The people of Mosc
Jun 28, 2015 Bruce rated it really liked it  ·  review of another edition
A very interesting book about the effects of Hitler's attack on Russia opening a second front in World War II on the population of Moscow. The lives and deaths of many individuals are told as are the actions of numerous others. Stalin's ruthlessness (and that of his underlings) is once more exposed as is his failure to listen to his military experts leading to mistaken strategy. His ability to order the impossible promising additional men and material he knew weren't available. When his faulty p ...more
Jan 17, 2013 Mike rated it really liked it  ·  review of another edition
What a rewarding read. Throughout the book, though, I was continually appalled at the seeming disregard for human life on the part of Soviet leaders. I found myself wanting to strangle Stalin and other Party leaders who so needlessly threw away thousands of lives (both civilian and soldier). In the end, though, I found myself cheering on the Russians actually fighting against the Germans and was impressed by first-hand patriotic accounts. What a thoroughly moving conclusion, too.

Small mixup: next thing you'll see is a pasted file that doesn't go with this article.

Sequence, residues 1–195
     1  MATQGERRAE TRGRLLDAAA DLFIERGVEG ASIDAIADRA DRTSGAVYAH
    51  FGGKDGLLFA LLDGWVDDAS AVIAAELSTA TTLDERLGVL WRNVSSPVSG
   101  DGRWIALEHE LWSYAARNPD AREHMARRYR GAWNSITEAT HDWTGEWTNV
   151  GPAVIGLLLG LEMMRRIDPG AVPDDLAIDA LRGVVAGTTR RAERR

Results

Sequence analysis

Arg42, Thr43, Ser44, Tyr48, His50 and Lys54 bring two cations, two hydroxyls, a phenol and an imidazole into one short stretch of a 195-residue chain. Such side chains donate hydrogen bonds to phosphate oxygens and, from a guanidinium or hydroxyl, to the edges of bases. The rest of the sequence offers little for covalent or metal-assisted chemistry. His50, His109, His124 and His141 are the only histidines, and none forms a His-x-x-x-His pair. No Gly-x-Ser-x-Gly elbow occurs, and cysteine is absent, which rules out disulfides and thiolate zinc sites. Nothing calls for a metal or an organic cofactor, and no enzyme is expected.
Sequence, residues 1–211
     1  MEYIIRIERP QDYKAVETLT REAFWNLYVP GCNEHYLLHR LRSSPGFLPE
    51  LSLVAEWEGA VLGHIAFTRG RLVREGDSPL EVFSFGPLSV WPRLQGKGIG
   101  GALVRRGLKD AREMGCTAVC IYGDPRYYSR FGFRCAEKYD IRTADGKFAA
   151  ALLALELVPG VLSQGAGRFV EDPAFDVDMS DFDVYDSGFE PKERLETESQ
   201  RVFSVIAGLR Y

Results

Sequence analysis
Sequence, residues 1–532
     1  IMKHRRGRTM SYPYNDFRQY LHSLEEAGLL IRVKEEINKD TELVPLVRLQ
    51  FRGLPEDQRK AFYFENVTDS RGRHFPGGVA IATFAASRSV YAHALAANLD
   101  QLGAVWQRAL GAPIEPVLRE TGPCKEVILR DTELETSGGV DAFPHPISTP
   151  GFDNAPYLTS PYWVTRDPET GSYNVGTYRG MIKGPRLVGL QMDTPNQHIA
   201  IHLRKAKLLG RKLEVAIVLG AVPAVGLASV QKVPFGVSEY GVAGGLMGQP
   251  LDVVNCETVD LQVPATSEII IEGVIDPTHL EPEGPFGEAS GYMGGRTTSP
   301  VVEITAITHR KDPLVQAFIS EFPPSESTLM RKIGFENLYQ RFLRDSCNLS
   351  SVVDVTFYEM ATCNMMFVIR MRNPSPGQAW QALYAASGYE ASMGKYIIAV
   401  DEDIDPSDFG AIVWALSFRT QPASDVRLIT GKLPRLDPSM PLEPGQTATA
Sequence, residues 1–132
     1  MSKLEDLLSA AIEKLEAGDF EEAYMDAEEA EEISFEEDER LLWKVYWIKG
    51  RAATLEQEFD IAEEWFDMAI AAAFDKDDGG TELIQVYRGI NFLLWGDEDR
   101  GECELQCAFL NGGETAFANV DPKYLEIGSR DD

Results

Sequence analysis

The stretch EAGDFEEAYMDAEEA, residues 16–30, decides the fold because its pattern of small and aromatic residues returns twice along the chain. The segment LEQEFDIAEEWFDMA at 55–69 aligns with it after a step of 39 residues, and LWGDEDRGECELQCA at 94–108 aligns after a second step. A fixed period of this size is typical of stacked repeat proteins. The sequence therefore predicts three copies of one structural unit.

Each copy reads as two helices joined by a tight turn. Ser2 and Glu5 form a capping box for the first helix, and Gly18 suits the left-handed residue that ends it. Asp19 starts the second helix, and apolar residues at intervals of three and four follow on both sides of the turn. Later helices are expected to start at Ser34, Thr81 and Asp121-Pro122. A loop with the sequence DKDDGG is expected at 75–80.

Even though I al
David Bales
Aug 28, 2013 David Bales rated it it was amazing  ·  review of another edition
Shelves: 2013
An amazing history of the defense of Moscow during 1941, and the build-up to World War II. Stalin decimated the Red Army in terrible purges in 1937 and 1938 and the Soviets initially were overwhelmed by the Germans but the furious will and courage of the ordinary people, (and Stalin's ruthlessness) ultimately turned it around. This is the story of the greatest--greatest meaning worst--war in human history, the struggles of which are now being forgotten. There are great profiles of various Soviet ...more